The second, The Office of Indigenization and Decolonization, states that its mission is to create “a lens through which we can understand decolonization and indigenization to ensure that every student at Mount Royal University has the best educational experience possible.” Under the direction of the Associate Vice-President of Indigenization and Decolonization, the office develops awareness campaigns related to colonial bias, organizes events, consults and advises senior administration, and provides resources to all areas of the university related to its mission. 

Call to Action # 86

We call upon Canadian journalism programs and media schools to require education for all students on the history of Aboriginal peoples, including the history and legacy of residential schools, the United Nations Declaration on the Rights of Indigenous Peoples, Treaties and Aboriginal rights, Indigenous law, and Aboriginal–Crown relations. 

Mandatory Course(s): Yes

The JDM program aligns with the Indigenous Strategic Plan by actively embedding Indigenous knowledge and content into most of our core courses. Our reporting courses all consistently incorporate news content from Indigenous sources into lectures and discussions.

JOUR 1707 Journalism Foundations I, and JOUR 1709 Journalism Foundations II

This content – from such outlets as IndigiNews, APTN, CBC Indigenous, Media Indigena, Igalaaq (CBC North’s daily Inuktitut language TV news show) and Ku’ku’Kwes – serves as exemplars for producing news. It also works as an entree into important class discussions on the history of media relations with Indigenous communities, an established outcome for first-year students.

JOUR 2718 Community-centred Journalism

In this second year course, students learn about media harms, historic and current, review  Duncan McCue’s book, Decolonizing Journalism, strategize about what student journalism can do for reconciliation, and consider examples of Indigenization and Indigenous storytelling in relation to reconciliation and solutions-based journalism at progressive news organizations. 

JOUR 3777 Project and Content Development

McCue’s book is a required text in and excerpts are used in other courses as well. 

COMM 2410 Media Ethics and Law

Another important foundational course in the second year, uses Talking Circles for group discussions, covers the IllumiNative Industry Guide, “The Time is Now, The Power of Native Representation in Entertainment: A Guide for Industry Professionals,” and distribute to each student a copy of Truth & Reconciliation: Calls to Action, from the National Centre for Truth and Reconciliation. The booklet contains the 94 calls to action, the TRC’s 10 principles of reconciliation, and UNDRIP, all of which are reviewed in class. 

Communication theory courses

  • COMM 2500 Introduction to Communication Studies
  • COMM 2501 Media History and Contemporary Issues
  • COMM 3500 Media, Culture and Communication Theory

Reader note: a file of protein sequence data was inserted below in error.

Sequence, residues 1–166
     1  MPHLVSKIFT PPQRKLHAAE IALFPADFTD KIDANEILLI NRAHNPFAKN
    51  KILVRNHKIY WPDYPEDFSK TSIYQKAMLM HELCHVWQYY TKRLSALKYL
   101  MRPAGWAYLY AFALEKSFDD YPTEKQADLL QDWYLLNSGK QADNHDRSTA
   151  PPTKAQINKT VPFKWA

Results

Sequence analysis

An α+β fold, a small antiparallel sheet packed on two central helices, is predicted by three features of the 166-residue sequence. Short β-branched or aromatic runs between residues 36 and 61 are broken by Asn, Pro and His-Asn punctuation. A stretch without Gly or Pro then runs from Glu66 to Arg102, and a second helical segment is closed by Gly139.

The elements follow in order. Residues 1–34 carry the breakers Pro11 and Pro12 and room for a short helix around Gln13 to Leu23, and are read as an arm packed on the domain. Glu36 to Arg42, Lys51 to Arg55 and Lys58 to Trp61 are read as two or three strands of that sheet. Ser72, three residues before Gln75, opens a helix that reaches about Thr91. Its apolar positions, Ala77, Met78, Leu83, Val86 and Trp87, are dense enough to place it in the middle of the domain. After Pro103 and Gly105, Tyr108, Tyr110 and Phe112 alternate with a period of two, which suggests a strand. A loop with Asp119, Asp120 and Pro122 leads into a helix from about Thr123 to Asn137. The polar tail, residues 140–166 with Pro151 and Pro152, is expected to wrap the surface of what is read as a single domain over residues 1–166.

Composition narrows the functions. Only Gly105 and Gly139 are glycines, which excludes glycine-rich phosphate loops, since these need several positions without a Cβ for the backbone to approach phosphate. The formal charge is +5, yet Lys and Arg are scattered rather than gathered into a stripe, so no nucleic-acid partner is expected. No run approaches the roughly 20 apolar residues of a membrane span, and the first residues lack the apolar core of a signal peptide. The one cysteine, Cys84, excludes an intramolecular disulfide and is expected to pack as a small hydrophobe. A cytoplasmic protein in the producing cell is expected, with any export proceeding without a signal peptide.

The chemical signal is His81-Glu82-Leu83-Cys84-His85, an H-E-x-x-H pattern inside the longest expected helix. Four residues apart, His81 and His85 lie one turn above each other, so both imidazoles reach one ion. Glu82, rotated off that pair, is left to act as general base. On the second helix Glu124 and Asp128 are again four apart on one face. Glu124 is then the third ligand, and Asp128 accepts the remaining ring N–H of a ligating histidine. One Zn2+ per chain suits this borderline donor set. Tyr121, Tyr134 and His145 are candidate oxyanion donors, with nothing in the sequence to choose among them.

• COMM 4501 Roles and Practices in Contemporary Communication 

These courses explore the importance and value of oral storytelling for First Peoples, and devote considerable resources to decolonization and dewesternization, including dismantling settler colonialism. 

While embedding Indigenous content takes on many forms, it always sees faculty members center Indigenous voices and journalists in their classes. The works of prominent Indigenous creators such as Rassi Nashalik, Angela Sterrit, Wanda McLeod, Connie Walker, Waubgeshig Rice, and Trina Roache have all been covered in journalism classes in the last year. This has allowed students to study excellent, decolonized journalism while also learning about MMIWG, the Sixties Scoop, treaty rights, stereotypic coverage, residential schools and intergenerational trauma.

However, our self-study suggests that our students might well need deeper exposure to the historical context that frames these issues. In addition to adding the course(s) and content referenced above, there is a commitment to more deeply embed resources related to the colonial experience of Indigenous Peoples throughout the four years of the program. We acknowledge that we can offer more foundational support to our students as they seek to represent Métis, First Nations and Inuit peoples in the media. The process will likely entail identifying Indigenous modules we want to incorporate and then finding courses in which to house them. We will need to consult with our Elder-in-residence and our Indigenous colleagues on our advisory board and on campus to ensure we arrive at the right approach.  


4 Seasons of Reconciliation

The Office of Indigenization and Decolonization creates a lens through which we can understand decolonization and indigenization to ensure that every student at Mount Royal University has the best educational experience possible. 4 Seasons of Reconciliation is a series of bilingual online resources that promote a renewed relationship between Indigenous Peoples and Canadians through transformative and engaging learning towards anti-racism education. This initiative assists workplace and education organizations in providing diversity and inclusion awareness through self-paced online courses featuring award-winning films, slideshows, videos, quizzes and a completion certificate provided by First Nations University of Canada.”

Journalism and Digital Media Commitment to Call to Action # 86: 3 out of 5 = 60%

1The history of Aboriginal peoples, including the history and legacy of residential schools
Yes. See mandatory course descriptions above
2The United Nations Declaration on the Rights of Indigenous Peoples
Yes. See mandatory course descriptions above
3Treaties and Aboriginal rights
Yes. See mandatory course descriptions above
4Indigenous law
Yes. See mandatory course descriptions above
5Aboriginal–Crown Relations
Yes. See mandatory course descriptions above

Land Acknowledgement

Located on the Mount Royal Home Page and the Journalism and Digital Media Home Page

Mount Royal University is located in the traditional territories of the Niitsitapi (Blackfoot) and the people of the Treaty 7 region in Southern Alberta, which includes the Siksika, the Piikani, the Kainai, the Tsuut’ina, and the Iyarhe Nakoda. The City of Calgary is also home to the Métis Nation.

All content has been submitted to the respective faculty for validation to ensure accuracy and currency as of the time of posting. The Mount Royal University – Journalism and Digital Media program reviewed and approved the document.

Managing Editor: Douglas Sinclair: Publisher, Indigenous Watchdog
Lead Researcher, Timothy Maton Ph.D